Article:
By John Helmer, Moscow
No major shareholder obstacles now stand in the way of the reorganization of Alrosa’s corporate structure, but conversion to the open shareholding company format will take another six months, company spokesman Andrei Polyakov told Polishedprices.com today.
It had been intended that Alrosa’s government board, known as the Supervisory Council, would have voted its approval of the conversion on October 1. But that decision, dominated by the federal government’s board members, was postponed, so that the Yakut regional parliament, known as Il Tumen, would debate the issues and vote first. The Yakuts had been insistent that if they agreed to the reorganization, the federal government should agree that in the subsequent privatization and initial public offering (IPO) of Alrosa shares on public markets, the regional interests would be protected. This forced the board chairman, Finance Minister Alexei Kudrin, and chief executive Fyodor Andreyev (see lower image), to cut their planned sell-off of 40% of Alrosa’s shares to about 20%.
On November 10, Il Tumen voted approval of the third and final reading of the bill to allow the Alrosa conversion. Inserted into the enactment was the condition that the regional government’s share in Alrosa could not be diluted to less than 25% plus one share. The current stake is 32% for the regional government, plus 8% held by district administrations (uluses) in Yakutia. The federal government stake is 51%. Another 9% is held by Alrosa management, retirees, Russian and foreign investment funds, and trustees.
Andreyev has told a Moscow newspaper that the IPO would be capped at a sale of no more than 20% of the company’s shares. He has also hinted that if the regional government, headed by President Yegor Borisov, did not give him the free hand he wants to raise unsecured finance by selling Alrosa shares, he will twist the regional government’s arm. Delaying the share conversion and sale would mean diminishing output and “more labor redundancies”, according to the release from Andreyev’s last management meeting on November 15. .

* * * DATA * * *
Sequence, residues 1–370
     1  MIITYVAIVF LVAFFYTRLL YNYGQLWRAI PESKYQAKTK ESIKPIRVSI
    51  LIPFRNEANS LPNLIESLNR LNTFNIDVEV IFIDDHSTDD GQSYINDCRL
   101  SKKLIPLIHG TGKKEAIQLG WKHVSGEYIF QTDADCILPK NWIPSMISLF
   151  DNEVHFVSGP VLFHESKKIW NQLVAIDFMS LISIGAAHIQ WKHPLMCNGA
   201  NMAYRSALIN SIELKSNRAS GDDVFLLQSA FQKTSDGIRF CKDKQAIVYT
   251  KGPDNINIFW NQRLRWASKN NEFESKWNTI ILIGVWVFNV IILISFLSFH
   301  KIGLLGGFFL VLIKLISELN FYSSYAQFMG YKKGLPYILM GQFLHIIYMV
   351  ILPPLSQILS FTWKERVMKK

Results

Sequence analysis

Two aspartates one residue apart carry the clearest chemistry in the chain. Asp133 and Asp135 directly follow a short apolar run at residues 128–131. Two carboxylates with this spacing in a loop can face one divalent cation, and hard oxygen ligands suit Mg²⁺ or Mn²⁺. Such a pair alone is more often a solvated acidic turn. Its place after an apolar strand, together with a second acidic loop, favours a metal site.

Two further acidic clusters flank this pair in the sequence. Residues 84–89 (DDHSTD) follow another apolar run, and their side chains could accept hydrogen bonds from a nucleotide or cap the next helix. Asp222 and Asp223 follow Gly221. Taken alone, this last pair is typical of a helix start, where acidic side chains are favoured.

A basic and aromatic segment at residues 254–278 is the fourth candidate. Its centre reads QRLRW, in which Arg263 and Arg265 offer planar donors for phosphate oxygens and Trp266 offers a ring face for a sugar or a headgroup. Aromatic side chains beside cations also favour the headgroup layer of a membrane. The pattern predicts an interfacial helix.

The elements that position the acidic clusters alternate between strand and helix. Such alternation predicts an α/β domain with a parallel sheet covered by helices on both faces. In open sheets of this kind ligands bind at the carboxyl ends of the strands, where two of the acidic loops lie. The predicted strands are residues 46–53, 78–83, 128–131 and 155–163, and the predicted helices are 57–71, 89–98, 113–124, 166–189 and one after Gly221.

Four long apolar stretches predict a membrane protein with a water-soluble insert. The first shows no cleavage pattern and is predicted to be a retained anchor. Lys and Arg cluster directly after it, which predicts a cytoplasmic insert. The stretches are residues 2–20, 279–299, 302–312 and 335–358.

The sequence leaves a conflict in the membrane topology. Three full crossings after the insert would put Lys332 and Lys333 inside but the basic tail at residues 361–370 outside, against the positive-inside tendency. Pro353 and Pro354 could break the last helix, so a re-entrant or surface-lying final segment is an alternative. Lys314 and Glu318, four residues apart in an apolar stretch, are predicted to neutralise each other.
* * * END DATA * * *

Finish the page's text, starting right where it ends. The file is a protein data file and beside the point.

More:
Polyakov told Polishedprices.com that the next move in transforming Alrosa into the open format (known in Russian as OAO) is a corresponding “decision of the Supervisory Council, and then the voting of the extraordinary meeting of shareholders which will adopt the new Alrosa’s articles. This process will take about half a year, I believe.”
He also confirmed “there will be no further change in the Yakuts’ share capital. Their [the regional government’s] stake will remain at 25% +1 share. No changes in the share capital have been discussed, neither are such discussions planned.”
The timing of the IPO will follow, but may take another six months. According to Polyakov, the timing, stock exchange, and valuation targets are all premature for discussion now.
The company announced earlier this month that its production goal for next year will be “maintaining global leadership by carat output”. That means 34.438 million carats, roughly equal to this year’s level, but ahead of De Beers by about 1 million carats. Production and financial results for this year have not yet been confirmed by either the management or the board, nor released publicly.
The sales target for 2011 for rough diamonds has been fixed at $3.4 billion, up by 2% on this year’s expected revenue total; sales of polished diamonds will come to $160 million, up 8% on this year.